After breast implant surgery, you will experience varying levels of pain and soreness. In addition to the pain, you may experience swelling and bruising. To reduce the pain, you should follow your surgeon’s postoperative instructions, including avoiding vigorous exercise. Also, you should continue to wear your sports bra and support bra. The pain from breast implants will lessen over time, but you should avoid strenuous activity for at least two weeks.
After surgery, you will feel a slight pressure on your chest, and your implants will be swollen. You should limit your activity for the first two weeks, but if your job is physically demanding, you should plan for a longer recovery period. You should also schedule follow-up appointments with your healthcare provider. After a week or two, your healthcare provider will remove the stitches or bandages and check the incisions. After three months, you can wear a push-up bra, but avoid wearing anything with wires.
Postoperative breast implant recovery pain is usually minimal and is easily manageable with over-the-counter pain medications. It depends on your pain tolerance. Some women have a higher pain threshold than others, so breast implant recovery pain is less intense for them than for others. For some women, breast augmentation recovery pain is only experienced once or twice a day, while others experience moderate pain after surgery. For the latter group, the post-operative pain can last for up to six months.
Besides taking medications for breast implant recovery, you may also experience tightness or cramping around your chest. Muscle relaxants can help alleviate this. They are non-narcotic and non-addictive. You can also opt for a pain pump. These are devices similar to small balloons that deliver numbing medication into your breast. These pumps are usually used in conjunction with prescription pain medications. They are inserted under your skin and drip medications into your breasts for two to three days after surgery.
Following your surgeon’s instructions for physical activity, you may be able to resume your normal activities within a week. Most patients experience reduced bruising and swelling, and may resume light weight-lifting and cardiovascular exercise. However, if your job requires heavy lifting, you may need to wait for three weeks or more to fully recover. For optimal results, you should consult your doctor about any exercise restrictions and avoid strenuous activities until after surgery.
If you have already had breast implants, you may have more discomfort than you expected. Your doctor may recommend that you have an extra surgery to remove scar tissue or reposition your implants. While breast implants are durable, they can fail to perform as promised. While some women opt for replacement surgeries after breast implant surgery, others may experience cosmetically-undesirable dimpling, chest wall concavity, or puckering, a deformity of the natural breasts.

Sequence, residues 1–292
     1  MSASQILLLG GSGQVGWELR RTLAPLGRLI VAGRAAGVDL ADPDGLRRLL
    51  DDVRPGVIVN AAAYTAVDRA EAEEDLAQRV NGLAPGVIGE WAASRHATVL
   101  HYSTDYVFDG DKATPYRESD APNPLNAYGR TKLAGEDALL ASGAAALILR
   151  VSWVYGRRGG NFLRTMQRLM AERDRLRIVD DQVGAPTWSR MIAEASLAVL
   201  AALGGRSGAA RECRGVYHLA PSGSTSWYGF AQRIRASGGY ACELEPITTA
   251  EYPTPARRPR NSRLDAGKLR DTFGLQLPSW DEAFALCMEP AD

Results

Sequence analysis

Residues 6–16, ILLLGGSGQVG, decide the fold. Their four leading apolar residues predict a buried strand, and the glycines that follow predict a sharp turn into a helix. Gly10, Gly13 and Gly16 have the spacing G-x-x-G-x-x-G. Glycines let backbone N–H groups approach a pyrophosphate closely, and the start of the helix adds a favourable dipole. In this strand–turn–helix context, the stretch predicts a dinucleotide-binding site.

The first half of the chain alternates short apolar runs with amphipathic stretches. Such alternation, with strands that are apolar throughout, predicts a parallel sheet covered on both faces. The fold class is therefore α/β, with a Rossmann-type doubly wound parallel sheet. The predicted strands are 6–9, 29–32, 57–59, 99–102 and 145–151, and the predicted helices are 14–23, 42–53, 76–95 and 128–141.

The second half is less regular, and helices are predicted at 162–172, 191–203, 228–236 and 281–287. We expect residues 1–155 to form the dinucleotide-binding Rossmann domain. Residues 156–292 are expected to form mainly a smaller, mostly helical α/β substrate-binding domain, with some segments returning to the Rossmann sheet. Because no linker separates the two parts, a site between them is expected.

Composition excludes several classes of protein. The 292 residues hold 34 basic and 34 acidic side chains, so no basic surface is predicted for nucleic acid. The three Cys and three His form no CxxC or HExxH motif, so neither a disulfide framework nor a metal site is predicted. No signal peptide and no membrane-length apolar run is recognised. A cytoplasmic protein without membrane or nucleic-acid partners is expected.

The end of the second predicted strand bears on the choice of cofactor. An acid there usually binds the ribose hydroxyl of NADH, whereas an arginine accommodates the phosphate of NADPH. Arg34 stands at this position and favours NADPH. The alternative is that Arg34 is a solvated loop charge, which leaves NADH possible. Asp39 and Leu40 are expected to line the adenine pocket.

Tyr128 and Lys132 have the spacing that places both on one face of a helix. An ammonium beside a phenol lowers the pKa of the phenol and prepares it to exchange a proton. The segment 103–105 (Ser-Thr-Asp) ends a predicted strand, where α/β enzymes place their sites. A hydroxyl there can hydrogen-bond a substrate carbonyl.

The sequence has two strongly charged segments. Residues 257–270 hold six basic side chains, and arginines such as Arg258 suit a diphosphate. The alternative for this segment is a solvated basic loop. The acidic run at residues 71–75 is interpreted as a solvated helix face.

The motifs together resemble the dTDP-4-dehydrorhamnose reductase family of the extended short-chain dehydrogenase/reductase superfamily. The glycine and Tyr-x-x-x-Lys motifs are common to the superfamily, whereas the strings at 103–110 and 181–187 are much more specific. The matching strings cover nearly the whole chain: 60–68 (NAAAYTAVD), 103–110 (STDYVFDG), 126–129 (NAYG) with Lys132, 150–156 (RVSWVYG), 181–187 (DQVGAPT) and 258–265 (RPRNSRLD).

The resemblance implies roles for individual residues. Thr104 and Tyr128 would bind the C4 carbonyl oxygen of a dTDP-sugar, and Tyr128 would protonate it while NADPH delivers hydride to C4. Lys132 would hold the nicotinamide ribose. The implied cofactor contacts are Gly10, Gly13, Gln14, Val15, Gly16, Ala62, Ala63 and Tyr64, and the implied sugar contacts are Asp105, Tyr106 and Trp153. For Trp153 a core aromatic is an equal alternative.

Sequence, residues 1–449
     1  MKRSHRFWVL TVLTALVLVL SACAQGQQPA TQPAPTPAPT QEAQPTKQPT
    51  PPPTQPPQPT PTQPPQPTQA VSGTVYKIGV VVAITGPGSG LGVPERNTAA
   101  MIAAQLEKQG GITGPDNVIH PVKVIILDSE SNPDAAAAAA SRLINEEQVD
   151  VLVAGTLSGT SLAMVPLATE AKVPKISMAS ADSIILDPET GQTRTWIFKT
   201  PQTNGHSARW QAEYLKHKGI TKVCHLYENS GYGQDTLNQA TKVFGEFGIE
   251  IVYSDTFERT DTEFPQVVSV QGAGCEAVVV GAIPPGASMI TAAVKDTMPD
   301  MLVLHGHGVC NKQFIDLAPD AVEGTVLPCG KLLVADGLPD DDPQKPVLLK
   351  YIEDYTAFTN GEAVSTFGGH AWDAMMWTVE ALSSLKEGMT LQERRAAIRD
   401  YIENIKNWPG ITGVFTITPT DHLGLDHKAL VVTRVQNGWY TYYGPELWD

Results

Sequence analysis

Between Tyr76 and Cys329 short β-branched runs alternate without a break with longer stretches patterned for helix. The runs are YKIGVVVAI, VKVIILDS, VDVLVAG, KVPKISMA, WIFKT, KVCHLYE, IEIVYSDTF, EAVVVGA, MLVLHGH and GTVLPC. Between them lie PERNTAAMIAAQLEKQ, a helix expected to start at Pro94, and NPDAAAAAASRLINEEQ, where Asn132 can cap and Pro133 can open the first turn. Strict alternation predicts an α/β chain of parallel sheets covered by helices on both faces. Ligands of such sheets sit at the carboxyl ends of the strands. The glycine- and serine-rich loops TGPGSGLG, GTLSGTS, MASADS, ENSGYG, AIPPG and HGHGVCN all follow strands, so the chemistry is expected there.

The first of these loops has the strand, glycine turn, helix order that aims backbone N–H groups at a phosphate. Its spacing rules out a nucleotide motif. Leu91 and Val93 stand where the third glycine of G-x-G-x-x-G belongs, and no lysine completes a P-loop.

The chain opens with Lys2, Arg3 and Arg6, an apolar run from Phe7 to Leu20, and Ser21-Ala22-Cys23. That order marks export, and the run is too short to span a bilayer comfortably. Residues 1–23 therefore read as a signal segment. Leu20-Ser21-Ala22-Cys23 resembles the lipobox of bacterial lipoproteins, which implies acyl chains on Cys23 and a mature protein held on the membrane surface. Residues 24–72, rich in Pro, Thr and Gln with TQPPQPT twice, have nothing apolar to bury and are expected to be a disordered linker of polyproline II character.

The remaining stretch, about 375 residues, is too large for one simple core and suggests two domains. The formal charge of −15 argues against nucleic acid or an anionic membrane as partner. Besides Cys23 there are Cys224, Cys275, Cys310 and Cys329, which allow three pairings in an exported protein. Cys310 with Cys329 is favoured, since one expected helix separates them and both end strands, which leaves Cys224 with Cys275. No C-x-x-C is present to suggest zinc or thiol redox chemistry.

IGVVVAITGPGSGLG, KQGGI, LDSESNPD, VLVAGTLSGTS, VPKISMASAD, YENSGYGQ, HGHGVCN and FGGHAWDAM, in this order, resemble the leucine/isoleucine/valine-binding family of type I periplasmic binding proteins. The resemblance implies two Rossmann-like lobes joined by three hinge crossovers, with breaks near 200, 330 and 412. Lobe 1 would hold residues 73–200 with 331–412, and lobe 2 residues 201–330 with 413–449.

Breast implant recovery pain is often less intense for women who have recently undergone pregnancy or breastfeeding. Many women compared the discomfort of the recovery process to breast engorgement, which occurs frequently during breastfeeding. However, the overall result of breast augmentation surgery depends on the size of the implant used. The surgeon and patient will decide on the size of the implant based on the overall shape of the patient and the aesthetic goals of the patient. It is important to choose the right size for your body shape to minimize the risk of discomfort.
Before the surgery, you should invest in a button-down shirt. These shirts allow you to put your arms down without lifting them. Also, you should prepare your home to avoid having a stressful experience after surgery. You will require assistance with shopping and meal preparation. Although you can take care of the rest of your daily routine, you should avoid strenuous activity for 6 weeks. And don’t forget to eat healthy meals.
Most patients experience some discomfort after surgery. It can be mild or moderate. Patients describe the pain as tightness or pressure. The pain can last for several weeks, depending on the severity of the procedure. Pain medication prescribed by the plastic surgeon may be sufficient to relieve the discomfort, though it’s best to take it at the same time as other medications. Your plastic surgeon can prescribe you narcotic medications for the first few days, and you can choose from over-the-counter and prescription medication.
There is also the possibility of a hematoma, a collection of blood near the surgical site. These collections can be painful and cause bruising. This can happen during surgery or any time an area of the breast is injured. If the hematoma is large and affects your breast’s ability to breastfeed, it can require medical intervention or surgical draining. If the hematoma becomes too large, it can cause swelling and loss of function, and should be addressed immediately.